• Fire extinguishers
  • Emergency exits
  • Window guards (if applicable)

The government designs these rules to ensure guests remain safe during their stay and protect investors against legal fees should an accident occur.

Understanding state and federal regulations for short-term rentals is essential for real estate investors to succeed in this industry. Knowledge will help them avoid penalties associated with non-compliance and protect themselves financially against potential liabilities.

Enforcement of Short-Term Rental Laws

To work, governments must enforce short-term rental laws. They do this by having reporting requirements and leveling penalties for non-compliance.

Reporting Requirements for Hosts

Hosts must regularly report their rental income in many jurisdictions, including submitting occupancy reports and guest information. Although hosts must report all short-term rental activity, they’re not required to submit any personally identifiable information about guests.

Airbnb handles some level of tax booking through the site, but many other platforms do not. Ultimately, the host is responsible for complete reporting.

Penalties for Non-Compliance

Short-term rental laws vary by jurisdiction, but hosts and guests who fail to comply with applicable regulations can face various penalties. These may include the following.

  • Fines
  • Suspension or revocation of licenses
  • Criminal charges

The Internet provides many helpful options for short-term rental owners. You can easily use automated systems, such as software programs, that track occupancy rates and alert you when your city or state enacts new rules. These tools will help you stay up-to-date on all relevant requirements.

Short-Term Rental Laws by State

What Are the Short-Term Rental Laws in Florida?

Laws pertaining to Florida investment properties vary by county and municipality. Generally speaking, local governments regulate the number of days you can rent a property as a short-term rental, which is any lease agreement that lasts for less than six months.

Statewide, all short-term rental hoses must acquire a Florida Department of Business & Professional Regulation license. The application process includes basic information about the property and nominal licensing fees.

What Are the Short-Term Rental Laws in Colorado?

Currently, short-term rentals are regulated locally in Colorado, and each city or county may have its own set of rules and regulations. For example, owners of Airbnbs in Denver obtain a license and permits, limiting the number of rental days per year. Boulder, on the other hand, has specific zoning requirements for short-term rentals. It’s important to do your research and ensure you comply with all the relevant laws and regulations before buying Colorado investment properties.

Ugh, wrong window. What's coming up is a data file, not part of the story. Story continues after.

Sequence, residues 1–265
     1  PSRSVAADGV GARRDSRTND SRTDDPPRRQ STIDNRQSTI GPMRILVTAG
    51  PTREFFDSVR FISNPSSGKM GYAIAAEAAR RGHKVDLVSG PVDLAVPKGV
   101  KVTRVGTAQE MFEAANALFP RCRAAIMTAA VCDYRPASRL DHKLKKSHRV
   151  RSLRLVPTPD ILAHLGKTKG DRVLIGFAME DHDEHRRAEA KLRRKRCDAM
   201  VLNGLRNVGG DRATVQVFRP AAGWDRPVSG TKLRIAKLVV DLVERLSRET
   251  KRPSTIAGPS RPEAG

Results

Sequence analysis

Colorado has many major cities that allow short-term rentals, such as the following:

  • Aspen
  • Boulder County
  • Breckenridge
  • Broomfield
  • Denver
  • Colorado Springs
  • Fort Collins
  • Vail

Most cities include designated zones that dictate when short-term rental hosts can operate. Always research the local ordinances in your area before investing in a short-term rental property in Colorado.

What Are the Short-Term Rental Laws in Texas?

As of May 1, 2017, Texas began collecting and remitting the 6 percent state hotel occupancy tax on all short-term rental activity. Although Airbnb handles some of the tax preparation, hosts are still responsible for collecting and remitting state hotel occupancy taxes to the Comptroller.

However, the state still offers some of the most popular cities for investing. Vacation rentals are a great investment in Austin. All owners are required to get an operating license and renew it every year. Although owners of Texas Airbnbs, the state doesn’t collect any personal income tax.

What are the Short-Term Rental Laws in Washington, DC?

Washington, DC, vacation rentals are permitted in every part of the city as long as the property owner has the necessary short-term rental license. The District of Columbia also requires proof of liability insurance and a Certificate of Clean Hands, which is a document that proves the business owner is up-date-on all taxes owed to the District in the last month. These owner-friendly laws provide many opportunities for Airbnb investments in DC’s best neighborhoods.

Learn the Laws & Make Better Investments

In conclusion, short-term rental laws are becoming increasingly strict as cities and states look to regulate the industry. Enforcement of these laws can vary from city to city, but investors should take the necessary steps to ensure they follow all applicable rules and regulations. With careful research and planning, real estate investors can make informed decisions about their investments in short-term rentals.

For informational purposes only. Always consult with an attorney, tax, or financial advisor before proceeding with any real estate transaction.